End of the Rainbow

After 26 years, Reading Rainbow is coming to an end, reports NPR.  Funders aren’t willing to pay to teach kids to love reading. They’re focusing on how to read.

Each episode of Reading Rainbow had the same basic elements: There was a featured children’s book that inspired an adventure with Burton. Then, at the end of every show, kids gave their own book reviews, always prefaced by (Levar) Burton’s trademark line: “But you don’t have to take my word for it …”

LeVar Burton, host of 'Reading Rainbow'

GPN/Nebraska ETV Network and WNED Buffalo.

Amy Fagan was a big fan of Reading Rainbow, she writes on Flypaper.
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  1. I’m sad about what this means for educating children. While I was a little too old to watch Reading Rainbow when I was younger, it was a show that kids I babysat would watch. It seems to me there are plenty of programs that aim to teach kids basic reading, but why would they pick up a book if they can’t see what fun they can have? Who would bother to learn to read if there didn’t seem to be a purpose or joy in it?

    It’s like some of my friends who are amazed at the amount of time my children spend reading. At my house, books are everywhere (watch your step!). At their houses, they have shelves full of workbooks that supposedly teach kids how to read, loads of videos for the same purpose, but few books. Now what seems more fun? My kids are not geniuses by any means and I am only an average parent, but they think reading is a fun thing to do. I think Reading Rainbow filled the same spot in the TV lineup that the actual books do in my home. I hope someone comes in at the last minute to save it.

  2. I was all of 11 when RR began and my mother – a middle and high school librarian – sat me down to watch its premier episode. It was a little young for me even then, but I did like it. I used to practice book summaries a la RR style in my room. I learned to summarize well, because I figured out how long each child had to talk about their book and what needed to be said to hook the audience.

    Lately they’ve been running RR on my local PBS channel, and I’m finding it much more charming now than I did then. Burton, in my opinion, did a great job talking to children without talking down to them too often. He got better as the series progressed.

    I think I was lucky in already knowing how to read well and being a voracious reader. It’s disappointing to see it won’t be continued because our greater concern now is HOW to read.

  3. I guess promoting an enjoyment of reading is not amongst one of the country’s priorities for learning. Which is pathetic.

  4. Bill Leonard says:

    I was never impressed with Reading Rainbow, Sesame Street, or much of anything else offered on PBS. My sense: They’re nice, but so what? They mostly teach kids to be good TV watchers.

    I grew up in the late ’40s through the late ’50s. We had radio; later, we had TV, although in central Iowa, it was quite limited in the early days. And in my case, parents who read, and who read to me (no, they were not college graduates; my dad was a high school dropout. But they seemed to know what was important. It certainly was important to them — and later, to me.)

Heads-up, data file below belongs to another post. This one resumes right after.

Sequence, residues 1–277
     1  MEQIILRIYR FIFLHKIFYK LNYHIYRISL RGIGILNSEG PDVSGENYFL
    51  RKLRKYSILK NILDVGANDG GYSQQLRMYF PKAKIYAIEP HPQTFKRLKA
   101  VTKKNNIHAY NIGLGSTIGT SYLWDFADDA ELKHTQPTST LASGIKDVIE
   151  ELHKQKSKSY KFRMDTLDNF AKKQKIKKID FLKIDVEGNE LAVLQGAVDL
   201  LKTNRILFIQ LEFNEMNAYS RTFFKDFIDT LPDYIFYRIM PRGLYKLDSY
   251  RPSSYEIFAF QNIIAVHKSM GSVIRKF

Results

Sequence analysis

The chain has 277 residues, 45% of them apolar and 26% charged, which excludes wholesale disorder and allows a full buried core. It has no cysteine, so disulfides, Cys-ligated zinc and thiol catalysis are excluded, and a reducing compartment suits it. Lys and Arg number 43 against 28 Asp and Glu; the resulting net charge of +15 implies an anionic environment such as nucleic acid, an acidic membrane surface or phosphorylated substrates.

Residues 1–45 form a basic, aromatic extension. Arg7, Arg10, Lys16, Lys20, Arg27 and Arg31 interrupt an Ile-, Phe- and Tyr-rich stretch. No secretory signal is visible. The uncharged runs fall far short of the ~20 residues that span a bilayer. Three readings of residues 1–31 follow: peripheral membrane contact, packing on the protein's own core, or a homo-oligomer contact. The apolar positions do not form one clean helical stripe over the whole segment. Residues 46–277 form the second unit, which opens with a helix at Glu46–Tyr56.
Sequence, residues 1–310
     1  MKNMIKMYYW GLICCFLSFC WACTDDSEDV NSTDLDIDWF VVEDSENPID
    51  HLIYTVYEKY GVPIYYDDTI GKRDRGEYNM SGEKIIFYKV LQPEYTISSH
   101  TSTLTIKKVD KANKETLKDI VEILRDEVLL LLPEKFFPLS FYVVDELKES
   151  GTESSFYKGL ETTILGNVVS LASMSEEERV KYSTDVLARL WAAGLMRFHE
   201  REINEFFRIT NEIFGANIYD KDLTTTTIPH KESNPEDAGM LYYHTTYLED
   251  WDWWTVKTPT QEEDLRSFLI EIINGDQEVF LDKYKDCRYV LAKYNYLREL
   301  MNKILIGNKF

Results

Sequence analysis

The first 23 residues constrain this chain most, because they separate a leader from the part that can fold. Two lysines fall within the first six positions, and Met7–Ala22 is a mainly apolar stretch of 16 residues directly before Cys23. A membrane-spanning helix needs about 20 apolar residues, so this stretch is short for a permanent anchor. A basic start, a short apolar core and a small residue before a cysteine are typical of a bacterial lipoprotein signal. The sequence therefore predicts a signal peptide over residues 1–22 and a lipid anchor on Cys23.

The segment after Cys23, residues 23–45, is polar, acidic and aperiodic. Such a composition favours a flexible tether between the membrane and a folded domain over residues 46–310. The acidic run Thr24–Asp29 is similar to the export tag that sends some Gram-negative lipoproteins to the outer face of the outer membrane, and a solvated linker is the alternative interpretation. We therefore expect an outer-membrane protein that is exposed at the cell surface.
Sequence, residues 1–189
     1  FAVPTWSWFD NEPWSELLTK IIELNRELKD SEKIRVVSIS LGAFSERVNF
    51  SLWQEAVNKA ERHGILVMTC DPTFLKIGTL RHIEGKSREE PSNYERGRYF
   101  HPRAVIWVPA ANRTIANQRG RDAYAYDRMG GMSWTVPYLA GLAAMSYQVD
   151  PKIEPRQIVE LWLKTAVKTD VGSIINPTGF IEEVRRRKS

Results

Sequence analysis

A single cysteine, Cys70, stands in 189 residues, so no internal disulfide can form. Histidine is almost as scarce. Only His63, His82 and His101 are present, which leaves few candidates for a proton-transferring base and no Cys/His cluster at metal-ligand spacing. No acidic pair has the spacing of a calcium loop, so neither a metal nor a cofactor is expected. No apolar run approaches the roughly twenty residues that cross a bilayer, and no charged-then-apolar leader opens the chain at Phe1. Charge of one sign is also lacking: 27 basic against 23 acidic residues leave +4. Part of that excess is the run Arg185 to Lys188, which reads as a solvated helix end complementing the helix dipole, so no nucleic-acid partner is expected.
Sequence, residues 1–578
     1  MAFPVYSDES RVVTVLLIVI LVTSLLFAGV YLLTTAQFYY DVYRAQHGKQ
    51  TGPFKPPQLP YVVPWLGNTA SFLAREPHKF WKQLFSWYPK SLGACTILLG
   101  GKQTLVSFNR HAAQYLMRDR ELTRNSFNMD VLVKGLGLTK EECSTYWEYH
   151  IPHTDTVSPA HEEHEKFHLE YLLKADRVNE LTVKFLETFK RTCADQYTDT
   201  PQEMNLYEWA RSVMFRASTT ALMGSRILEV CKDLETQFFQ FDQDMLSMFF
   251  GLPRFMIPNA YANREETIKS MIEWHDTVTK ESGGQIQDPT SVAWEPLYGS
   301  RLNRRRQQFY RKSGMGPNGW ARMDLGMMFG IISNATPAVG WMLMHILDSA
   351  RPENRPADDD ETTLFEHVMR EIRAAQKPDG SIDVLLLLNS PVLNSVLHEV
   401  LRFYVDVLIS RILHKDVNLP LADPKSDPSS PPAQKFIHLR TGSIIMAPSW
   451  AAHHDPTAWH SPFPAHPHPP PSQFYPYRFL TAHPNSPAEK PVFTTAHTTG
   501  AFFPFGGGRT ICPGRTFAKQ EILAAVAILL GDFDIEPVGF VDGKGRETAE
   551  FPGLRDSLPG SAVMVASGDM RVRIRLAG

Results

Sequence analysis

By the time my kids were watching the likes of Sesame Street and perhaps the first year of Reading Rainbow, the whole thing was irrelevant. By then we had long since been reading to our kids from our own kids’ books.

    And I tell you, there is nothing the politically correct stuff on Reading Rainbow offered that could match what early editions of Treasure Island could offer for boys
    …but of course, people got klled to advance the plot, and terrible things like that…

  5. My kids used to watch RR, but I had no idea it was still being filmed. Our PBS station showed the same 15 or so episodes over and over. We stopped watching because of all the repeats. It was pretty good as kids’ TV shows go, though I doubt it had any effect on my kids’ enjoyment of books.

  6. Interesting article from NPR re: teaching children to read via television:

    Children’s TV Helps But Can’t Teach Reading Alone : NPR http://bit.ly/14GrRU

  7. I watched RR when it first came out, and my kids love borrowing the DVD’s from our local library (we don’t have cable/satellite and get no broadcast reception). I really like how the show has virtual “field trips” that tie in to the featured story. Not every kid can visit the Boston Museum of Fine Arts to see its Ancient Egypt collection in person, but every kid can watch the RR episode where LeVar goes there.

  8. Deirdre Mundy says:

    I loved RR as a kid, but frankly, it’s very dated and not that good.

    At the time, a video storybook was a novel idea. Now any kid with a DVD player or Computer can have one. (Scholastic has some of them out on Video.)

    Also, the show’s format only appealed to kids who ALREADY liked books. And the books covered were mostly picture books– so the show skewed too young for the kids who REALLY need to learn about the joy of reading.

    Meanwhile, “Between the Lions” mixes phonics, vocabulary AND love of books. Word World is a great phonics tool. Super Y, Martha Speaks and Word Girl all have bookish themes.

    What we really need is something to reach out to MG and YA readers so that THEY know what great books are out there. Older kids don’t get regular read-alouds at school like the little ones do, and their parents don’t take them to the library as much. Those are the kids we need to target with ‘love of reading.’ (Of course, they don’t watch PBS either. Maybe a Wii channel?)


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